Thumbs up with Assembly on ARM Cortex

Sometimes it is necessary to write an interrupt service routine in assembly language. This is the case as well for the ARM Cortex-M0+ which is found in the KL25Z on my Freedom board. But there is something important about the ARM Cortex architecture: Thumb Mode.

Thumb mode the ‘ARM way’ to reduce the code size with a reduced (16bit wide) instruction set. The ARM architecture can implement a ‘mixed’ mode, on a function level. To distinguish between ‘normal’ ARM functions and ‘thumb’ functions, the processor is checking if the LSB (Least Significant Bit) of a function pointer (or function call destination) is set. So a jump address of 0x410 is for a ‘normal’ function, while a function jump to the address 0x411 (even if the function is located at the address 0x410) denotes a ‘thumb’ function.

Even with the ARM Cortex-M0+ implementing ‘thumb only’, it is using the same convention. So building an application for Cortex-M0+, it is important that this bit is set.

For the GNU ARM gcc compiler (and assembler) the tool chain is directed to use thumb mode with that option:

Gcc Thumb Code Generation Option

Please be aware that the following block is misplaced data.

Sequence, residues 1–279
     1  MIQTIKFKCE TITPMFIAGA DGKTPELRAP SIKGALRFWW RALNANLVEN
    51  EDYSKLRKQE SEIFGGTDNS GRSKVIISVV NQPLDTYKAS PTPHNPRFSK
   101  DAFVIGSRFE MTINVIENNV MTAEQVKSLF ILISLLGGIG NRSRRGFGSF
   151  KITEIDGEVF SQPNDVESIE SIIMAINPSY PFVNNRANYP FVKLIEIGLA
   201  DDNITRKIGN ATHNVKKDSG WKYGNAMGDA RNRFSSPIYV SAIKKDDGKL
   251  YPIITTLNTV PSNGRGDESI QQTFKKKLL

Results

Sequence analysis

Gcc Thumb Code Generation Option

With that option set, the compiler tells the linker that this bit must be set for function pointer calls.

However, for assembly programs, a bit more is needed. Beside of passing the -mthumb option to the assembler as well, I need to use other directives to tell that a label is a function, and that this function is in thumb mode. A good summary of the different ARM assembler directives can be found here:

But things are best shown with a simple example:

* asm_isr.s
*  Created on: Nov 13, 2012
*      Author: Erich Styger

    .global MyAsmISR             /* external linkage for my ISR name */
    .text                        /* put into linker code section */
    .thumb_func                  /* we are a thumb function */
    .type   MyAsmISR, %function  /* optional: mark it as a function */

        push {r7,lr}    /* push registers */
        add  r7,sp,#0

        /* do something usefule here */

        mov sp, r7      /* restore registers */
        pop {r7, pc}

    .end  /* end directive */

The magic directive is ‘.thumb_func’. Linking my interrupt routine shows that the LSB is set, and properly pointing to the interrupt routines:

Reset Vector and my Interrupt with Thumb bit set in address

Reset Vector and my Interrupt with Thumb bit set in address

Happy Arming 🙂


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